Osteoporosis and Bone Density - It's Not Just A Woman's Disease

Osteoporosis
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Osteoporosis is often thought of as “A Woman’s Disease,” when in fact, loss of bone density resulting in osteoporosis affects millions of men in the U.S. as well. While the causes of decreased bone density differ some between men and women, the good news is that male osteoporosis is sometimes attributable to lifestyle habits that can be changed and thereby delay - if not avoid - the onset of osteoporosis in men.

Recent news stories report the finding from the New England Journal of Medicine that millions of older women may not really need frequent bone mineral density scans to detect osteoporosis. The consensus is that women with a healthy initial test can wait as long as 15 years before their next bone density exam; women at moderate risk should be tested every 5 years; and, women of high risk every one to two years.

Bone mineral density exams are typically done through X-rays focused on the hip and lower spine regions where fractures and the early signs of osteoporosis manifest as bones begin to thin from the disease. The seriousness of this condition is revealed by the fact that osteoporosis causes long-term loss of mobility that requires extensive patient care. Six months after a hip fracture, only 15 percent of hip fracture patients can walk across a room on their own.

As “a woman’s disease,” osteoporosis places a significant health burden on the female sex. According to the National Osteoporosis Foundation, women can lose up to 20 percent of their bone density in the first five to seven years after menopause, making them more susceptible to osteoporosis than men. Recent numbers show that 80% of women and 20% of men are affected by osteoporosis.

However, in other ways, men narrow the gap: While one in two women age 50 and older will have an osteoporosis related fracture, the number for men is one in four. Furthermore, the rate of hip fractures is two to three times higher in women than men; however, the one year mortality following a hip fracture is nearly twice as high for men as for women. Clearly osteoporosis is not just “a woman’s disease.”

Osteoporosis differs between the sexes. First, by their thirties, men have accumulated significantly more bone mass than women have. As both sexes age, bone loss gradually outpaces new bone growth. Following menopause, women lose significantly more bone than men do; however, by age 65-70, both sexes lose bone mass at the same rate. In other words, women have a distinct bone-loss disadvantage over men.

The most common type of osteoporosis is age-related bone loss. While age plays a major role in bone loss, secondary causes such as lifestyle behaviors, disease and medications also contribute to the disease in men. In men, the most common causes include low levels of testosterone, alcohol abuse, smoking, glucocorticoid medications, hypoercalcuria (calcium lost in the urine) and immobilization.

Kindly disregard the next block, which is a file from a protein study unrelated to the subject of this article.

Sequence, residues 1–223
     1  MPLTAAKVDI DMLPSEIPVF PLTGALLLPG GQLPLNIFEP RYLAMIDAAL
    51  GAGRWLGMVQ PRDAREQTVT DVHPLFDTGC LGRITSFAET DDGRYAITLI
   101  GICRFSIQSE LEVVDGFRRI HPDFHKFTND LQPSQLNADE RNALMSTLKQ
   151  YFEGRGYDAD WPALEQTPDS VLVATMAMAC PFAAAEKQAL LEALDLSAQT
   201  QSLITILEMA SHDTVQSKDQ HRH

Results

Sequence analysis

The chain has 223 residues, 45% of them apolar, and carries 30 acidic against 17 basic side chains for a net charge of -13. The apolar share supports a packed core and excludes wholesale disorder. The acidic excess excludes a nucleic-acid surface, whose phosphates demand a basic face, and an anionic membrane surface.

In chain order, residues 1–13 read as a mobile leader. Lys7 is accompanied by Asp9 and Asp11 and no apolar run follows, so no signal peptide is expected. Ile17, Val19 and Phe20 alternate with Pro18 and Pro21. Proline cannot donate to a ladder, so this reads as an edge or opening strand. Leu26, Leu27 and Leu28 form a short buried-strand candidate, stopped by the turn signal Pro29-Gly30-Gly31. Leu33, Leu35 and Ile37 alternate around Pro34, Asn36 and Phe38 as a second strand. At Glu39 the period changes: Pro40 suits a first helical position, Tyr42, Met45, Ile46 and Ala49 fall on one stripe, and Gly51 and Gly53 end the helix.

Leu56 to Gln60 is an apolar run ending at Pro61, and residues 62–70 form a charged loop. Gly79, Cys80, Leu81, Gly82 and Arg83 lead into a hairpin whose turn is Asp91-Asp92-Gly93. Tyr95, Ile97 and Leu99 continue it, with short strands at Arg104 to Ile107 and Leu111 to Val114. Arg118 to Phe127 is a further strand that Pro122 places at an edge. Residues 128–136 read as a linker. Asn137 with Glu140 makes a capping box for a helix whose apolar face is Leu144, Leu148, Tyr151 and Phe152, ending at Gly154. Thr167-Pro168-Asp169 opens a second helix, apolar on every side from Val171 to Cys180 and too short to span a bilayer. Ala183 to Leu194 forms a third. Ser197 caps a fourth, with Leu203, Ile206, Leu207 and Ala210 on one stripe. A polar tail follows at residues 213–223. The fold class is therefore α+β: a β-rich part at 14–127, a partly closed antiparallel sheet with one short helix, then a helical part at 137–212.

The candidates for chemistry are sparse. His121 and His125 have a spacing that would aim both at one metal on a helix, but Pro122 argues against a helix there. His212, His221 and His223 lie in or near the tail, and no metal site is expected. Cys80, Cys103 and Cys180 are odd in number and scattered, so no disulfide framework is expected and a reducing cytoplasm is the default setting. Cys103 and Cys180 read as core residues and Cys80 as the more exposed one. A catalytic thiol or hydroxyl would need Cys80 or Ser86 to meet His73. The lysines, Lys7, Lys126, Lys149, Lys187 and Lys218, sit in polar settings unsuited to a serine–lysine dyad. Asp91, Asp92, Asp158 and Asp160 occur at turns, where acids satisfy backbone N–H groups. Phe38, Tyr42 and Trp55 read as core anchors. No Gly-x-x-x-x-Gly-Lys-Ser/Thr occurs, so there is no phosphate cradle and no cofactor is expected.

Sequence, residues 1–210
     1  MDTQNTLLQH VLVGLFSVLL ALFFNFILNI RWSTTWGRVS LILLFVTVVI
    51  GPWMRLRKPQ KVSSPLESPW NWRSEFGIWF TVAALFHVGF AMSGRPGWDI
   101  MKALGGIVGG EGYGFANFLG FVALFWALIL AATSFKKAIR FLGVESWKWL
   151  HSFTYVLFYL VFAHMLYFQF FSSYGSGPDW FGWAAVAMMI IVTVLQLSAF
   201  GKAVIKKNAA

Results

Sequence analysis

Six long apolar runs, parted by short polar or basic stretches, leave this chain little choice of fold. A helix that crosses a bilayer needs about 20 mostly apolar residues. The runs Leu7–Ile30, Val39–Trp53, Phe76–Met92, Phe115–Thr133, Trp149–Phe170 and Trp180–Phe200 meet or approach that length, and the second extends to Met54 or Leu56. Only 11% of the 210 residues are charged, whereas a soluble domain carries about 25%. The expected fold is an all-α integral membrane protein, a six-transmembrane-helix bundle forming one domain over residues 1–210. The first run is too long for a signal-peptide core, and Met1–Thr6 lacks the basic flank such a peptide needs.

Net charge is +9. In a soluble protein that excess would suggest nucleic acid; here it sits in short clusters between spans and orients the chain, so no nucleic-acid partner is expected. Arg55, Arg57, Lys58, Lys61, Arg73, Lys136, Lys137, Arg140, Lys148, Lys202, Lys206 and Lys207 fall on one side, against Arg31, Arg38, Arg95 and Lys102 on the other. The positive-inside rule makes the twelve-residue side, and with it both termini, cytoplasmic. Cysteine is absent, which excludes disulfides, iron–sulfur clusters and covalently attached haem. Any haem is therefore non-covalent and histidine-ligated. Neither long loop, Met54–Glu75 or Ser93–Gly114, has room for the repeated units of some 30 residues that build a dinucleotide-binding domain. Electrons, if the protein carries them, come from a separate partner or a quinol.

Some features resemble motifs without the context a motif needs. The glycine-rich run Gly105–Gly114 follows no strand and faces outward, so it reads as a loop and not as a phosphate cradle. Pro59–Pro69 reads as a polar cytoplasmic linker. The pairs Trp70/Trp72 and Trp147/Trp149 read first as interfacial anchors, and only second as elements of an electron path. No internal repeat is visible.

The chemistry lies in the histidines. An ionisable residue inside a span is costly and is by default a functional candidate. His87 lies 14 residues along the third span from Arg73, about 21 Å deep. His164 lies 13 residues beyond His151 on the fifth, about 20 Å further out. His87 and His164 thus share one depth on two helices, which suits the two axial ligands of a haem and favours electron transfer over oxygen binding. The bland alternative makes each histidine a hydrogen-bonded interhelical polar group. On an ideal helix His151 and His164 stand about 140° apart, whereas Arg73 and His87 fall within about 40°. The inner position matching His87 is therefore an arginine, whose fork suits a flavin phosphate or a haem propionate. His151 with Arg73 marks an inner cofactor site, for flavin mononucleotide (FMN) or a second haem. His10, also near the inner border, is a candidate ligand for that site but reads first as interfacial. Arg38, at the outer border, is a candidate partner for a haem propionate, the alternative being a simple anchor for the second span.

Part of the difficulty facing men and osteoporosis is detection before the disease causes too much damage. With women, physicians typically watch for signs of osteoporosis once menopause happens. With men, however, osteoporosis is not discovered until after a man approaches his physician with a complaint of back pain or a fracture.

As such, physicians recommend that men inform their doctors if they have any of the aforementioned secondary causes as well as a loss in height, a change in posture, a recent fracture or sudden back pain.

Like women, men suspected of having osteoporosis are given a medical workup that includes a complete medical history, x rays, and urine and blood tests, and a bone density screening called a dual-energy x-ray absorptiometry, or DXA test that measures bone density at the hip and spine.

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Once a diagnosis is made, treatment can include medications, hormone therapy, mineral supplements, physical activity and recommendations for lifestyle changes.

For men to lessen their risk of developing osteoporosis, the NIH’s Osteoporosis and Related Bone Diseases National Resource Center recommends the following practices:

• Avoid smoking, reduce alcohol intake, and increase your level of physical activity.

• Ensure a daily calcium intake that is adequate for your age.

• Ensure an adequate intake of vitamin D. Dietary vitamin D intake should be 600 IU (International Units) per day up to age 70. Men over age 70 should increase their uptake to 800 IU daily. The amount of vitamin D found in 1 quart of fortified milk and most multivitamins is 400 IU.

• Engage in a regular regimen of weight-bearing exercises in which bones and muscles work against gravity. This might include walking, jogging, racquet sports, climbing stairs, team sports, weight training, and using resistance machines. A doctor should evaluate the exercise program of anyone already diagnosed with osteoporosis to determine if twisting motions and impact activities, such as those used in golf, tennis, or basketball, need to be curtailed.

• Discuss with your doctor the use of medications that are known to cause bone loss, such as glucocorticoids.

• Recognize and seek treatment for any underlying medical conditions that affect bone health.

The recognition that osteoporosis and bone density is not just “a woman’s disease” is slowly coming around to giving guys their needed support for a serious medical condition. Currently, research is going on to determine just how sex-specific the treatment for osteoporosis is needed to insure that men receive the appropriate level of medical care.

Image source: Courtesy of Wikipedia

Reference: National Institute of Arthritis and Musculoskeletal and Skin Diseases

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